The Lucky One Is Just Another Nicholas Sparks Movie!

The Lucky One

It seems that every time you turn around, there’s another Nicholas Sparks movie playing at the nearest multiplex. Some are good [The Notebook, The Last Song], some are appallingly bad [Nights in Rodanthe, Dear John] and some are just there. The Lucky One is one of the latter.

Logan [Zac Efron], a Marine sergeant who’s done three tours in Iraq, survives an attack when he steps away from a group of his men to pick up something he sees glittering in the sand. It’s a photo of a blonde woman with a lighthouse in the background. On the back is written, ‘Keep safe.’

When he returns to the States, he packs up his gear, gets his dog [a gorgeous German Shepherd called Zeus] and sets out to find the woman in the photo to thank her for saving his life. Somehow, with no real information to go on, he finds her, but when he starts to tell her why he was looking for her, the two are interrupted – and he doesn’t seem to find his words again until after they’ve fallen in love. Which is a problem.

The woman is Beth [Taylor Schilling], a veterinarian who also runs a kennel along with her grandmother, Ellie [Blythe Danner]. She has custody of her young son, Ben [Riley Thomas Stewart], though her ex, Keith [Jay R. Ferguson] has him on weekends.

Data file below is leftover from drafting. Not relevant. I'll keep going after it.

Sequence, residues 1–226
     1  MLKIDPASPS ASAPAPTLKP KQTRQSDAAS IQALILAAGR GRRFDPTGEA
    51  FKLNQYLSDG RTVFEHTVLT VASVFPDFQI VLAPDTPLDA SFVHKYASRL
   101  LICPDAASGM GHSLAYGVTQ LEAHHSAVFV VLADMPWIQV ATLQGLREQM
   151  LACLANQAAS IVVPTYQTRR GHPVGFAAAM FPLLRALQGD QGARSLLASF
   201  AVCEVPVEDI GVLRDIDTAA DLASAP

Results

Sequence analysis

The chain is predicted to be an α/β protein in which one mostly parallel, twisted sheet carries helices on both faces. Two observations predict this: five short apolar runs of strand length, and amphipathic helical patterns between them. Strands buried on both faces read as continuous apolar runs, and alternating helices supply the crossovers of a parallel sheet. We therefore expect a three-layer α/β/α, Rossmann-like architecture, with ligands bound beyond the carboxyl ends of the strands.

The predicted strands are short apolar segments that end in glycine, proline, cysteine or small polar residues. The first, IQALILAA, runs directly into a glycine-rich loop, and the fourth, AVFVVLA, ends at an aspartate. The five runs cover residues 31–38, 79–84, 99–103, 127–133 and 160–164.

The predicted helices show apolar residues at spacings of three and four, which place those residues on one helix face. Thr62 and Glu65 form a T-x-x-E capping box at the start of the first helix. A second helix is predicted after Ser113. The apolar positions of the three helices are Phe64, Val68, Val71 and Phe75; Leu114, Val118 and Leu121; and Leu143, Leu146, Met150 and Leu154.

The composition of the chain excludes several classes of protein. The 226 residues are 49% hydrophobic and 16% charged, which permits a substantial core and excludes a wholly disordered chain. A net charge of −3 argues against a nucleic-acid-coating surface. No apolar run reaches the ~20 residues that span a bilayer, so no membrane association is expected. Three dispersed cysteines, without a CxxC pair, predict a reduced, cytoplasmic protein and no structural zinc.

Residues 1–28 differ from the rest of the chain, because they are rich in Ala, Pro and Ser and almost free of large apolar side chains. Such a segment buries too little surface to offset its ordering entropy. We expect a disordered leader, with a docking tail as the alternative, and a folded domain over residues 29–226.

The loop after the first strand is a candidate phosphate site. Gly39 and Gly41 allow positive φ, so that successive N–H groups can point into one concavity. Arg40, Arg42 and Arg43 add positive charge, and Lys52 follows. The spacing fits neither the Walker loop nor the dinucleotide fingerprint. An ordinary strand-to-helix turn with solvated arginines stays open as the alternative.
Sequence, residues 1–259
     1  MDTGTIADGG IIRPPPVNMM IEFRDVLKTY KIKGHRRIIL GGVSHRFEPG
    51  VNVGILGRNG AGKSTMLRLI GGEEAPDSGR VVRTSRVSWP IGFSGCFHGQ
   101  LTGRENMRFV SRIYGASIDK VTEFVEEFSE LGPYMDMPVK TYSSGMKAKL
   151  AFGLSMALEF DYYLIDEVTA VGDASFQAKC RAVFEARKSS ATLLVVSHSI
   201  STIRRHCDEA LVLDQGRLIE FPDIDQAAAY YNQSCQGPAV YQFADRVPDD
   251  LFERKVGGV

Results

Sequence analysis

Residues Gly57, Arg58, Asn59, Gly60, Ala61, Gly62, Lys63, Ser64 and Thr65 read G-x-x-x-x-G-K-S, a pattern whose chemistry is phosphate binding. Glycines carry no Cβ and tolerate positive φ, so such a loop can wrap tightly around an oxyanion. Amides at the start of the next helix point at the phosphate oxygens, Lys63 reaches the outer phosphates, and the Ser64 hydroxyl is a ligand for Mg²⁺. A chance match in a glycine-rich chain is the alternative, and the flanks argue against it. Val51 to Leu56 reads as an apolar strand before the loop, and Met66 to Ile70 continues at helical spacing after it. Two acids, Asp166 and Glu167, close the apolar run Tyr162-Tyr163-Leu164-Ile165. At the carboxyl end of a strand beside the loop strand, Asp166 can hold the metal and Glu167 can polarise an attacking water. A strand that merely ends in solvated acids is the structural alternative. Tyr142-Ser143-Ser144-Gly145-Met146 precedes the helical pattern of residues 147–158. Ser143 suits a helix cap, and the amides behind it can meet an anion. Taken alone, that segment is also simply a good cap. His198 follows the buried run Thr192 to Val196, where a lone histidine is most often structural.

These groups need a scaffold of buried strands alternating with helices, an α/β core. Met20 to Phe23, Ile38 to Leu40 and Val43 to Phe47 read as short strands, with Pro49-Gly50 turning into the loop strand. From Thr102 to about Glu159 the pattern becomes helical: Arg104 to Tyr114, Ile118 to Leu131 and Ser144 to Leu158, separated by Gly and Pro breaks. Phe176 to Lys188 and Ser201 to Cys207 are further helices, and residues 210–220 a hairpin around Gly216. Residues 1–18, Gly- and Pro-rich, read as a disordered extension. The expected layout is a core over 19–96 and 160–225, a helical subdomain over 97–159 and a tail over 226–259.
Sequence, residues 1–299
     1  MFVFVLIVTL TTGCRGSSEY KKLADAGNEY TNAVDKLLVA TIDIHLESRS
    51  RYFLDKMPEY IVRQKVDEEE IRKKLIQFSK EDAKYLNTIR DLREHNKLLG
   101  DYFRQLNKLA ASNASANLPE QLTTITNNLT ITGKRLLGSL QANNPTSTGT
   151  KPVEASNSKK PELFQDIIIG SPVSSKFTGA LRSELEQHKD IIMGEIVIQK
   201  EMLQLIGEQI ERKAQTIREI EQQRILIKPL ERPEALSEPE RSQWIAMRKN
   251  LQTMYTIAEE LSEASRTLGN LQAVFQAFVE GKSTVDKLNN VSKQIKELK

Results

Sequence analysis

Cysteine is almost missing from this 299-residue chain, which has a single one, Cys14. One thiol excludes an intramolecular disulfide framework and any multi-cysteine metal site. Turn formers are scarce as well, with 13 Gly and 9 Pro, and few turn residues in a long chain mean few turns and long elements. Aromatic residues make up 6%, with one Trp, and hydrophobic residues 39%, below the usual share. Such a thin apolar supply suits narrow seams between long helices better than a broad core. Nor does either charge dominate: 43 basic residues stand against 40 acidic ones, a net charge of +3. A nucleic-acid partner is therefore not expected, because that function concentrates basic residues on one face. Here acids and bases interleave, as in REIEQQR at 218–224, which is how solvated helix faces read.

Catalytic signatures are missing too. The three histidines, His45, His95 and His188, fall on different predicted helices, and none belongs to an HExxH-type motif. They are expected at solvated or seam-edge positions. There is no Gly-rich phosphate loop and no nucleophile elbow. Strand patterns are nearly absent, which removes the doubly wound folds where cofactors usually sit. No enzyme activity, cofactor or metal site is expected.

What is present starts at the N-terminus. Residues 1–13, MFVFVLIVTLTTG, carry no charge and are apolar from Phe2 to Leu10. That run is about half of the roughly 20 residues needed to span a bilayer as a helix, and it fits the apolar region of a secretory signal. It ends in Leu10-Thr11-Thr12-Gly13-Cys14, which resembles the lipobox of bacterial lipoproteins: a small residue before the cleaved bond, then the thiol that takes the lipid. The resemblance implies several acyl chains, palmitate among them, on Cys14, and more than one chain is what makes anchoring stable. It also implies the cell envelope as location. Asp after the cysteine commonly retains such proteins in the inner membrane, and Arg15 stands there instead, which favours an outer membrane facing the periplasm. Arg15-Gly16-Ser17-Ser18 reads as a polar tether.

Keith is a local deputy and a bit of a jerk. When he sees Beth opening up in Logan’s company, he doesn’t take it too well. Can you say obstacle to Beth’s [and Logan’s] happiness? I knew you could. Sadly, though, Keith isn’t nearly nasty enough to create any real feeling of menace or conflict, so The Lucky One never really gets much energy going.

The Lucky One

The Lucky One was directed by Scott Hicks [Shine] from a predictable, lackluster script by Will Fetters. It’s moves at a lackadaisical pace but is shot quite beautifully – if pretty much all of a single tone [day, night, sun, rain – all look uniformly pretty and therefore rapidly become boring].

Efron bulked up to be convincing as Logan, but whether it’s Hicks’ direction, or Efron’s choices, he manages to come off as wooden. In fact, he makes Channing Tatum [who was awful in Dear John] look good. Schilling is somewhat better, but doesn’t really have any chemistry with Efron.

What keeps The Lucky One from sinking below the average is the casting of Blythe Danner and Riley Thomas Stewart. Danner finds the humor and humanity in her character – even when the lines aren’t very good, while Stewart’s Ben feels like a real kid and not just a Hollywood doppelganger of one.

While I was neither entertained nor appalled by The Lucky One, I was surprised to hear a number of women in the audience [the film’s prime demographic] say it was awful; that the book was infinitely better; or that it was worth what they paid to see it [which would be nothing…].

Considering that he showed some range in Hairspray and Me and Orson Welles, Efron could have chosen a better project to headline [it’s the first film in which his name appears above the title in the credits]. Maybe next time…

Final Grade: C

Photos by Alan Markfield/Courtesy of Warner Bros